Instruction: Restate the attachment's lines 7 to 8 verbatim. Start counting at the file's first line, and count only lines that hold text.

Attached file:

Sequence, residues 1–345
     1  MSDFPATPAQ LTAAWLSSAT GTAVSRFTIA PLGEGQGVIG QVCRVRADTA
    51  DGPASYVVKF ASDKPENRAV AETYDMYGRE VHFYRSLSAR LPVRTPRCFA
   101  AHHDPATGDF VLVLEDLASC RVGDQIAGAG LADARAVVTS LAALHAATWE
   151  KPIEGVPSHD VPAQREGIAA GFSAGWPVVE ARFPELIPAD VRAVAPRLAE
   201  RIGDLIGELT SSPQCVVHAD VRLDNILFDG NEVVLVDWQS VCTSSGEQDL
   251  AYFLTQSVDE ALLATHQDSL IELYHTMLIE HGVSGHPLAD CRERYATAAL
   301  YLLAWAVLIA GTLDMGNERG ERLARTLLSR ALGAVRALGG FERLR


   251  AYFLTQSVDE ALLATHQDSL IELYHTMLIE HGVSGHPLAD CRERYATAAL
   301  YLLAWAVLIA GTLDMGNERG ERLARTLLSR ALGAVRALGG FERLR